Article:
By Teresa Nelson
“I, wisdom, dwell with prudence, and I find knowledge and discretion.” (Proverbs 8:12)
The dictionary defines “prudence” as “the ability to govern and discipline oneself by the use of reason”. Seems admirable, don’t you think?! It’s strange how the label “prude” became synonymous with “too strict” and “unbending” in the 20th century. Before that “prudence” was considered a virtue. I suppose in the era of “free love”, rock ‘n’ roll, and New Age movements, ‘governing oneself with discipline and reason’ probably seemed old-fashioned and constricting.
In Matthew 25, Jesus describes the five virgins who had oil in their lamps as they waited to meet the bridegroom, as “prudent” and the five who had no oil as “foolish”. The foolish ones were locked out of the wedding feast. So I think it’s obvious that our Lord wants us to be prudent so that we can enter into his wedding feast!
What does it mean to be prudent? Surely, He wasn’t talking about hoarding oil for our lamps – or any other material possession, for that matter! A teenager today would probably tell you being prudent means “you can’t have any fun!” A senior citizen might tell you it means to “be careful with your money”. But the truth is “prudence” is much bigger than these simple ideas. It’s a necessary virtue for anyone who wants to be a disciple of Jesus and “enter into the wedding feast”. Being prudent in the spiritual sense means exuding the love of Christ in every moment, in every way, in every word, gesture or thought to everyone we meet…no matter how we feel! (that’s the hard part!).
It means listening when we feel like talking, hugging when we feel like slapping, smiling when we feel like snarling…in short, loving no matter what. How many of us face a cashier after waiting in line for too long with a stern look and a condescending greeting? How often do we avoid someone we know needs a friend because we are too busy, or too tired to listen? Are there times when, simply by a look or a tone of voice, we let someone know we don’t approve of them?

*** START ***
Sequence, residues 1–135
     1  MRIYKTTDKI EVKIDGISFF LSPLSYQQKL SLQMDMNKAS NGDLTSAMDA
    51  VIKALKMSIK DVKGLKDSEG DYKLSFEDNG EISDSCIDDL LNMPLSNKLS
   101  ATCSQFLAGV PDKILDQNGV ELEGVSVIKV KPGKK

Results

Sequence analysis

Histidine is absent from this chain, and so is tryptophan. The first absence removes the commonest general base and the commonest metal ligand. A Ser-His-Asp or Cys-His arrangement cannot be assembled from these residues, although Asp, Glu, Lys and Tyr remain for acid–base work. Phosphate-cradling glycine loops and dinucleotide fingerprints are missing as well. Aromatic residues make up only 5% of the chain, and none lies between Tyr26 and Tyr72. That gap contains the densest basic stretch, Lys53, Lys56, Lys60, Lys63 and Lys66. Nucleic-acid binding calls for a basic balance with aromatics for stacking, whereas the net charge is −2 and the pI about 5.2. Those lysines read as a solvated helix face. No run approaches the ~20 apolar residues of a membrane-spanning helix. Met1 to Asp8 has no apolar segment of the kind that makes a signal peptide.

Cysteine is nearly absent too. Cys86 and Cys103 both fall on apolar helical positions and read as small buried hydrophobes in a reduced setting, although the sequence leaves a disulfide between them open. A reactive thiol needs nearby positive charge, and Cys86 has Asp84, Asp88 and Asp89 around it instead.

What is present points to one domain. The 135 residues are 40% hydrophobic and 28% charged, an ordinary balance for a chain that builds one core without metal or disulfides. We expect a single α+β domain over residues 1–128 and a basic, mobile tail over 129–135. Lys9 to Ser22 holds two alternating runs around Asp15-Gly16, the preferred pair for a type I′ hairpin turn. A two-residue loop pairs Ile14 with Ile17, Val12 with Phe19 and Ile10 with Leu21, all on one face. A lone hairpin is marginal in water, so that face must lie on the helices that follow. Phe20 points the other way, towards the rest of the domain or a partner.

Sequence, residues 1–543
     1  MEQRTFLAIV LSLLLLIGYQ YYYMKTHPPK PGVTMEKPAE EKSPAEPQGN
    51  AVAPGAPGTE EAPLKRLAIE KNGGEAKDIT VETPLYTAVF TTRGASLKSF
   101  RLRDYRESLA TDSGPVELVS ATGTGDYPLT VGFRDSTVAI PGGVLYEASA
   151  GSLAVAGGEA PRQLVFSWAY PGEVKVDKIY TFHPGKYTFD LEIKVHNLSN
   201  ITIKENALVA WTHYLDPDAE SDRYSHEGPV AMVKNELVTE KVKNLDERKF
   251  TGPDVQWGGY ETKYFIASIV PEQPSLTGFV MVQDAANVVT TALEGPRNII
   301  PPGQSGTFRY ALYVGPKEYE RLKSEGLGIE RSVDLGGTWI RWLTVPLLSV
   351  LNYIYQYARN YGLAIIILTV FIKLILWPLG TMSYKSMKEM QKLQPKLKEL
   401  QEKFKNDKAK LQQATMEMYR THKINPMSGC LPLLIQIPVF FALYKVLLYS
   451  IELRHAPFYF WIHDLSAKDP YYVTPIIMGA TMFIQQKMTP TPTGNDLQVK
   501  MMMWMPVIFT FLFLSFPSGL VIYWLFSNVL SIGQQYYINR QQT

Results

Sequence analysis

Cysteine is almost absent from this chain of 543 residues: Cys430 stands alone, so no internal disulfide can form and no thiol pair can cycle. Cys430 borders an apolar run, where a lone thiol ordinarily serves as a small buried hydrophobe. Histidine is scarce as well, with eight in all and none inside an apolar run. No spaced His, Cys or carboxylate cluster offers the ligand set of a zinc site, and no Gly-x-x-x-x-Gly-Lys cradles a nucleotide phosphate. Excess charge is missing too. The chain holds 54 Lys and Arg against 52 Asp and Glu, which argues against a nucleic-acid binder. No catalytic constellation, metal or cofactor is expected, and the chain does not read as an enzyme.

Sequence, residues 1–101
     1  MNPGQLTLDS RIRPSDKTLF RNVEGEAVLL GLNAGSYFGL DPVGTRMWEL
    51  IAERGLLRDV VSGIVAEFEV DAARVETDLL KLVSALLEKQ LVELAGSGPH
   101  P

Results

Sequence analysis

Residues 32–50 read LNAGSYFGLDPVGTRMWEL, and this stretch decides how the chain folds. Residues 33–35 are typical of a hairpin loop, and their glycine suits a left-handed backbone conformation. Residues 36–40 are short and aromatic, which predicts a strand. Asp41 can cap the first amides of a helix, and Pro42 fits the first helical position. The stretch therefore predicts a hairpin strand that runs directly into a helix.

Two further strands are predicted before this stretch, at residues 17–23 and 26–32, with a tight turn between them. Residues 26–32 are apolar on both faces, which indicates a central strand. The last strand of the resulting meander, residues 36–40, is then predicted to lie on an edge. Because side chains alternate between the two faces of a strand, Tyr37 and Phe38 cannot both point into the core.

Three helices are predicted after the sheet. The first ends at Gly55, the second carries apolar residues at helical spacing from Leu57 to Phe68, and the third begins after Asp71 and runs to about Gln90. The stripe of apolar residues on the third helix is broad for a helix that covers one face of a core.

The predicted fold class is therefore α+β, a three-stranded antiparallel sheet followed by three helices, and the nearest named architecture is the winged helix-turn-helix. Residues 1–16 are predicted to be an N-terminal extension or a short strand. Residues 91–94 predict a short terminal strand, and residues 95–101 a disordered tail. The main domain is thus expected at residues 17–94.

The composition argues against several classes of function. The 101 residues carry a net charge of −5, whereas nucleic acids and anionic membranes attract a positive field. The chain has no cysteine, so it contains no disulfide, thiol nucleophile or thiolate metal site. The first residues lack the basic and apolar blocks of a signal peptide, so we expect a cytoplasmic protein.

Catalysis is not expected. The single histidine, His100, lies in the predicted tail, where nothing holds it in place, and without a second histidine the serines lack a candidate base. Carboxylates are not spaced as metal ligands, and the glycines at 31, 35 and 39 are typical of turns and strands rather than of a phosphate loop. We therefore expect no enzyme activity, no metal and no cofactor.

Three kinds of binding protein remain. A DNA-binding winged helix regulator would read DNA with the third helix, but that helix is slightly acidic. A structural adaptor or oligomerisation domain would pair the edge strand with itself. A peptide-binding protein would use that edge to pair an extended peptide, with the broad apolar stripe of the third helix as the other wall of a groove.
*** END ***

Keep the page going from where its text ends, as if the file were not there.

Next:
It’s tempting, I suppose, to consider silence as a way to be prudent – always trying not to offend anyone. But in many cases, silence is actually the imprudent choice. There are times when someone needs a word of encouragement, advice, or a pat on the back. When we withhold our approval, we’re voicing our disapproval.
Having two teenagers, I see that young people are often imprudent in their behavior, probably due to lack of wisdom and experience combined with hormones and a desire to rebel. But as mature Christians, we should be constantly aware of the message we are giving with our voice, our body, and our expressions. We should want to convey the love of Jesus we feel in our heart to everyone we encounter, not matter how difficult it may be. We are the face of Christ in this world! See you at the wedding feast!